Inference questions in the SAT® Reading section focus on your ability to take what you have read in a passage, paragraph, or line and draw conclusions. The answers to inference questions will not be found in the text, so to be successful, you must understand what the text suggests.
You should be able to fill in missing information accurately, assess the meaning of a phrase or word, and speculate on the thoughts, feelings, or motivations an author or speaker would likely have.
Here is a breakdown of the three types of inference questions:
1. Fill in missing information
These questions will ask you to provide implications that can be made based on certain parts of the text or because of the opinions presented. These questions follow a format of reviewing a specific moment in the text, then making a logical deduction.
2. Assess what an author may think about something
These questions focus on the author’s internal motivations or feelings. These questions often discuss two paired passages. You may be asked to make inferences about how the author from one passage might respond to the author of the other passage.
3. Assess the meaning of descriptions, opinions, or phrases
These questions require you to look at what is suggested in the text and choose from very specific answer options about the meaning. Making inferences about the meaning of a phrase involves an assessment of the author’s intentions and suggestions.
Here are some successful strategies to try with inference questions:
Understand the question
It is very important that you read the question carefully, as inference questions can be wordy. Look at every piece of the question to understand what kind of inference to make. Some inference questions can appear ambiguous, but looking carefully at the question to understand what it is asking can narrow down which answer is relevant and accurate.
Eliminate answer choices
You can simplify your task of making accurate inferences by eliminating any answer choices that are irrelevant, contradictory, or insufficient for adding information, assessing the author’s perspective, or assessing the meaning of descriptions, phrases, or opinions. Your answer choice should be cohesive with the information and opinions provided in the passage.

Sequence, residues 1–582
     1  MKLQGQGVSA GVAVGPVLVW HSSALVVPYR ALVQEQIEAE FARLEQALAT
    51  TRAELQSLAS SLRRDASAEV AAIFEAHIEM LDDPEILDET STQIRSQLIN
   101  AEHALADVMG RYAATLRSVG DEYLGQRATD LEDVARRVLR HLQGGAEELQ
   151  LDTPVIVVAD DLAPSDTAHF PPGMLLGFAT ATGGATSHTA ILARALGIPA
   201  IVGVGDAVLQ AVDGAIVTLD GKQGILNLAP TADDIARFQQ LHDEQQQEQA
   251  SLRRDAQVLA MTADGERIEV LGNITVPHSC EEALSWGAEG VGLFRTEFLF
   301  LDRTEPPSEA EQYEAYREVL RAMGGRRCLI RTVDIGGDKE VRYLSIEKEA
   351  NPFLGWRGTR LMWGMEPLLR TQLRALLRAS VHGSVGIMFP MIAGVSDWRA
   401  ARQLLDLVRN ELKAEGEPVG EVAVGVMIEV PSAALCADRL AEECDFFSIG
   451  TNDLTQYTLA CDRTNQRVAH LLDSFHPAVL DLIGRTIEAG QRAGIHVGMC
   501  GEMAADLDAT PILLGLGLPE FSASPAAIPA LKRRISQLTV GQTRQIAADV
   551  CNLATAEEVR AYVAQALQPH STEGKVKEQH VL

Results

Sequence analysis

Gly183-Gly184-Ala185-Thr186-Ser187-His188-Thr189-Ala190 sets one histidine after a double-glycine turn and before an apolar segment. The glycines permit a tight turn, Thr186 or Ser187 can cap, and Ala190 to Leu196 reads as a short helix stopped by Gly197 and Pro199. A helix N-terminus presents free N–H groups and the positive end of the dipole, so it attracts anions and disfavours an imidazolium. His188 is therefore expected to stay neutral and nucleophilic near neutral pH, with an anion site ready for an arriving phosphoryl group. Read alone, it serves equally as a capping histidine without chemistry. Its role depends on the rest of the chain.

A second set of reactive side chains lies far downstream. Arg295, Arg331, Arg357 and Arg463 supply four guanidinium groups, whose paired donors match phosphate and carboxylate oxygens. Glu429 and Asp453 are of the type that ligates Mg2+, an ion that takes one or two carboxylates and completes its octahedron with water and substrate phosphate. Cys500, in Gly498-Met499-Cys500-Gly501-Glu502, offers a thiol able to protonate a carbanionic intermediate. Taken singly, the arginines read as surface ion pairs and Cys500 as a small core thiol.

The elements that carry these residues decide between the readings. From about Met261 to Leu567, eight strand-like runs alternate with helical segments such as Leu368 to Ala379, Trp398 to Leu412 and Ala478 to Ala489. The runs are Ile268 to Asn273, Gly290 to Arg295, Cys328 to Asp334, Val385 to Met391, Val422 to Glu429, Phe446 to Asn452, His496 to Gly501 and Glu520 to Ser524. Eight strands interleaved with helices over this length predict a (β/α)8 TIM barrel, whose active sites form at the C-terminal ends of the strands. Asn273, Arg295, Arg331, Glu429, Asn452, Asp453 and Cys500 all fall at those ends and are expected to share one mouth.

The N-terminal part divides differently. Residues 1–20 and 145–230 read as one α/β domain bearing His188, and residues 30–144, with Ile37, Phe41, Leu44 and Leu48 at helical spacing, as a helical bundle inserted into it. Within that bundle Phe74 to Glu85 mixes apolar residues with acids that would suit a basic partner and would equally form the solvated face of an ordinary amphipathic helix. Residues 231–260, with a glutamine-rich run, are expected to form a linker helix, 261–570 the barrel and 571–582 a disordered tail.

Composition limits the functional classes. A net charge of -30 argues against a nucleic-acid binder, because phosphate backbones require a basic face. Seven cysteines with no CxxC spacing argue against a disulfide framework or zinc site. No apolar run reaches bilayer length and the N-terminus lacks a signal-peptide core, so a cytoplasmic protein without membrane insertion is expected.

While the answers to inference questions cannot be found directly in the text, you should know that the source of your speculations relies on knowing the context for each question. When a question asks you to infer the meaning behind a word or phrase, you must look at the context.
Some situations use words in unique ways, and the definition may vary based on the surrounding context. Some phrases also suggest different meanings based on their location in the text.
You will want to pay attention to the surrounding details to be most accurate in your inferences. This strategy is crucial, and you can think of it as sourcing evidence for your claims.
It can be super helpful to come up with the answer to a question on your own before reading the answer choices. This strategy can help avoid the confusion built by navigating other choices.
Remember that there is only one correct answer, and the other choices contain irrelevant or incorrect information. A lot of students stumble, making inferences because it’s easy to be influenced by the suggestions.
As you prepare for the Reading section of the SAT exam, you can implement these strategies and find the ones that work best for you. UWorld’s SAT Prep course has thousands of practice questions, detailed explanations, and performance tracking tools to help pinpoint your areas of improvement.